Angular JS and Scope

Understanding scopes in Angular JS

Written by 42ID on October 05 2014

Sooner or later, at one point in your Angular learning curve, you are going to want to rip your hair out when dealing with scope. Fear not, its actually a very easy concept and once you have the mechanics down, it's downright intuitive.

There are two things at play here

  1. JavaScript Prototypal inheritance
  2. Child scopes created by many Angular directives. Now these child scopes in turn could either prototypically inherit from the parent scope or they could be 'isolate' scope.

Knowing the difference and how prototypal inheritance works will go a long way in clarifying many of the questions that developers have when starting out with Angular JS.

Prototypical inheritance in JavaScript

Objects in JavaScript inherit by creating a prototypical chain to the base classes. When one object inherits from another, its prototype property ( .__proto__) points to the base object. All objects inherit from Object whose prototype property is set to null. Now, when properties are accessed on an object, this object's own property list is first checked and if no matching property is found, then the object's prototype chain is traversed. The search stops when the property is found on one of the base object along the prototype chain or when it reaches the end of the inheritance chain. When inherited objects have the same property names as the base object, the base object properties are hiddenor shadowedby the inherited objects. 


var baseObj = {
	a: 2,
	b: 3,
	x: {
		x1: 'property x1 set by base object',
		x2: 'property x2 set by base object'
	}
}
var inheritedObj = Object.create(baseObj); // inherit from base object
inheritedObj.a = 4;
console.log(inheritedObj.a)
// output = 4
// baseObj.a is hidden/shadowed by inheritedObj.a
console.log(inheritedObj.b)
// output == 3

		

When properties are set on an object (with an = operator), the properties are created on the object. These properties are knows as " own properties" of an object as opposed to the properties that it inherits from the base object. In the above example, the statement:


inheritedObj.a = 4;

creates a property called 'a' on the inheritedObject and effectively hides/shadows the 'a' property on its base object.

Now, here's the tricky part. When you access a dotted property on a object like so:


inheritedObj.x.x1 = 'property x1 on baseObject set by inheritedObj';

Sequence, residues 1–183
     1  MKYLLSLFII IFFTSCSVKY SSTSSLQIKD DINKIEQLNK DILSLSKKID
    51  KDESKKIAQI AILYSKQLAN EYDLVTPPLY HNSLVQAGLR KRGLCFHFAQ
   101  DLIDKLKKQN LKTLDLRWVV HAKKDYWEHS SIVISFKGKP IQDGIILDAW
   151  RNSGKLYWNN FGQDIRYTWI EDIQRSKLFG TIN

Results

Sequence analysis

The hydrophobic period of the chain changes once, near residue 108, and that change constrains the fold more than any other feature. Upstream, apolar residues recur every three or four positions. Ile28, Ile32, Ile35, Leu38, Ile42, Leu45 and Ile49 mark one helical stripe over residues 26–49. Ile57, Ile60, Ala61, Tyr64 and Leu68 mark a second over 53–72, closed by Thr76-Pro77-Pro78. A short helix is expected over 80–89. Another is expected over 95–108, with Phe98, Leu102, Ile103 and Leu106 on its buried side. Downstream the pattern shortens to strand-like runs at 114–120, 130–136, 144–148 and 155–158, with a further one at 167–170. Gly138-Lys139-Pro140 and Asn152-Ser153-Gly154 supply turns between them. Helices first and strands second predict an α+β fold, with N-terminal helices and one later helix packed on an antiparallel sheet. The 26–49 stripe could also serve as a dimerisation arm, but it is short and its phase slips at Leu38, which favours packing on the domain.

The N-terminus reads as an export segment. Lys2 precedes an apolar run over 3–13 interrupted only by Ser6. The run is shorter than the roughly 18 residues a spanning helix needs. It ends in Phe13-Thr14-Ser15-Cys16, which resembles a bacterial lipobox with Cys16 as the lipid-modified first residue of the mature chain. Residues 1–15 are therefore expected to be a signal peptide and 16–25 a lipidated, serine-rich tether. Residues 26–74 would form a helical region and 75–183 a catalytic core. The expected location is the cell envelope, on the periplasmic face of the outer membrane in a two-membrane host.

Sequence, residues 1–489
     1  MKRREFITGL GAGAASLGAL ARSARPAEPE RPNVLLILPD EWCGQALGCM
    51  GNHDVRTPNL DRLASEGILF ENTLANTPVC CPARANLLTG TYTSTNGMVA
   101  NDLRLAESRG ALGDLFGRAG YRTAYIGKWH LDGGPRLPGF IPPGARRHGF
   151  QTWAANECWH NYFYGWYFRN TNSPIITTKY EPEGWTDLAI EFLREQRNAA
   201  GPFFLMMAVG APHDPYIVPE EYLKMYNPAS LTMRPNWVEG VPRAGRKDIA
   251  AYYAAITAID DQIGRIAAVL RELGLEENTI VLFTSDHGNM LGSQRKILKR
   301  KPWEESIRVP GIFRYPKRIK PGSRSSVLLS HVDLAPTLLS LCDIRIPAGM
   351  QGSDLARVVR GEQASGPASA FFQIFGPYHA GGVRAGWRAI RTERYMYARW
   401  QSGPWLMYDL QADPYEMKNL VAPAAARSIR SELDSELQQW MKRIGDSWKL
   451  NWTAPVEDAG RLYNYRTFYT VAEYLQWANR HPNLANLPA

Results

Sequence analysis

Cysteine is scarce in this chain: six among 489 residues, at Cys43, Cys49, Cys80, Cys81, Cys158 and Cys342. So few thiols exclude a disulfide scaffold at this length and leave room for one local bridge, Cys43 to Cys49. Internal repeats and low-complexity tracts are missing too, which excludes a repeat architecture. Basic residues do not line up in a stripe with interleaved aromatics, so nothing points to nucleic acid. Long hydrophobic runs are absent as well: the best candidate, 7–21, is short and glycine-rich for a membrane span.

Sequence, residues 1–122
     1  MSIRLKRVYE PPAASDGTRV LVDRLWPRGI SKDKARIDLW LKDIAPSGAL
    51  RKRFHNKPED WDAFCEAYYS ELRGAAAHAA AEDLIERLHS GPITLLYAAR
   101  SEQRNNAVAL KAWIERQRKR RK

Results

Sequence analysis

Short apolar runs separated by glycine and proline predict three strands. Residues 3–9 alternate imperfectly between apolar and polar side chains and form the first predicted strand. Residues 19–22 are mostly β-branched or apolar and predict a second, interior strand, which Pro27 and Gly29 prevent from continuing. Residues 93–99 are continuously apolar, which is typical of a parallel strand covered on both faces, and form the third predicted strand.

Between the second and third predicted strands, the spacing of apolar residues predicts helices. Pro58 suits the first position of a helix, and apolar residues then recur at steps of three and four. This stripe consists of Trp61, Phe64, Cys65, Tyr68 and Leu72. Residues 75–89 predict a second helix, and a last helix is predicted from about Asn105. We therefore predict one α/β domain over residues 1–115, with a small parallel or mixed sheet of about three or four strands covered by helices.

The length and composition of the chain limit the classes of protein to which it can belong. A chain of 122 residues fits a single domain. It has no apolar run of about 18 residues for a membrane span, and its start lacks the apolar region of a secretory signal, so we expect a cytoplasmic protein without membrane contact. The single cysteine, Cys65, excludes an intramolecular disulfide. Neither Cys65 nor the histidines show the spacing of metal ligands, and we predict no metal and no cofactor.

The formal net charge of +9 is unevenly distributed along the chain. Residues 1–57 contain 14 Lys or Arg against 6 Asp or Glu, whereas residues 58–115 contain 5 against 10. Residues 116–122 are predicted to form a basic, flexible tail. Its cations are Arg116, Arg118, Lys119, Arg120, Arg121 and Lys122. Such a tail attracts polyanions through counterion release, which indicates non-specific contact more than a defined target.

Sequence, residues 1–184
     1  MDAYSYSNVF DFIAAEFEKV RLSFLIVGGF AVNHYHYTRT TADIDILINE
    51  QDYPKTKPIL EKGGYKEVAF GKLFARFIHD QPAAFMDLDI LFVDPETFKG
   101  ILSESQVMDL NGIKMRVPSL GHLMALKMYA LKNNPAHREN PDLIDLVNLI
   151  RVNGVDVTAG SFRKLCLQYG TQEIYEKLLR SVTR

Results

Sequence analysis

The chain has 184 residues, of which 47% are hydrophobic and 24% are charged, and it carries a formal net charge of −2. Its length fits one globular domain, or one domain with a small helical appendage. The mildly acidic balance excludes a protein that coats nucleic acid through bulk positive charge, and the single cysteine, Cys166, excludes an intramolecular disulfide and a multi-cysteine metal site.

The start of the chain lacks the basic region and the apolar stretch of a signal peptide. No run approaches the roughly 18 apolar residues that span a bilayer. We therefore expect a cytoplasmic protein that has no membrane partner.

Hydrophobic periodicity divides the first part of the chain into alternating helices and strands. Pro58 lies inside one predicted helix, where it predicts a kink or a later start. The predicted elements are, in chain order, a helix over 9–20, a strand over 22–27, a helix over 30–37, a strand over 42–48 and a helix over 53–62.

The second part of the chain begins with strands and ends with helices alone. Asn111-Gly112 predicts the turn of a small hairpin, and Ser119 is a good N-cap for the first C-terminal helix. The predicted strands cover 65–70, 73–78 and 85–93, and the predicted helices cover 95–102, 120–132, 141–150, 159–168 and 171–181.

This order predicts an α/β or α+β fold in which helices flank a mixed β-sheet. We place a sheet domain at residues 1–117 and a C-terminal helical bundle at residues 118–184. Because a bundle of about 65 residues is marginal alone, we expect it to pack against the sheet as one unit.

you are now traversing the prototypal chain to the base object's 'x' property and then accessing its 'x1' property. So in this case, no **new**property is created on your object. Rather an existing property on the base object is updated. This is an important distinction that will make understanding scopes very easy.

Child Scopes in Angular JS

Let's consider the following Angular directives - ng-repeat, ng-include, ng-switch, ng-view. These directives create a child scope that is prototypically inherited from the parent scope.

So, what is the implication of the previous statement?

If you are intending to change a value of a property in the parent scope from within the child scope, you can only do so with a dotted property.

That statement is so important that we are going to repeat it again:

If you intend to change a value of a property that exists in the parent scope from within the child scope, you can only do so with a dotted property.


app.controller('MainCtrl', function($scope) {
	$scope.dataArray = [1,2,3,4,5,6,7,8,9];
	$scope.selectedItem  = -2;
	$scope.someObject = {selectedItem:-1};
});


<body ng-controller="MainCtrl">
	<p> primitive property: {{selectedItem}} dotted property: {{someObject.selectedItem}}</p>
	<div ng-repeat='i in dataArray'>
		<button ng-click="someObject.selectedItem = i;  selectedItem = i">Button {{i}}</button>
	</div>
</body>

If you run the above code you will see 2 things. Try it on plunker

  1. the value of the primitive property does not change when you click on the button
  2. value of the dotted property changes when you click on the button

Reason? When you say selectedItem = i, a new property called selectedItemis created on the child scope within the ng-repeat directive (actually a new child scope is created for every iteration of ng-repeat). This property hides/shadows the property in the parent scope. So the parent never gets updated. However, when you use someObject.selectedItem, the prototypal link is followed down to the parent scope and the parent scope is updated.

Scopes in custom Directives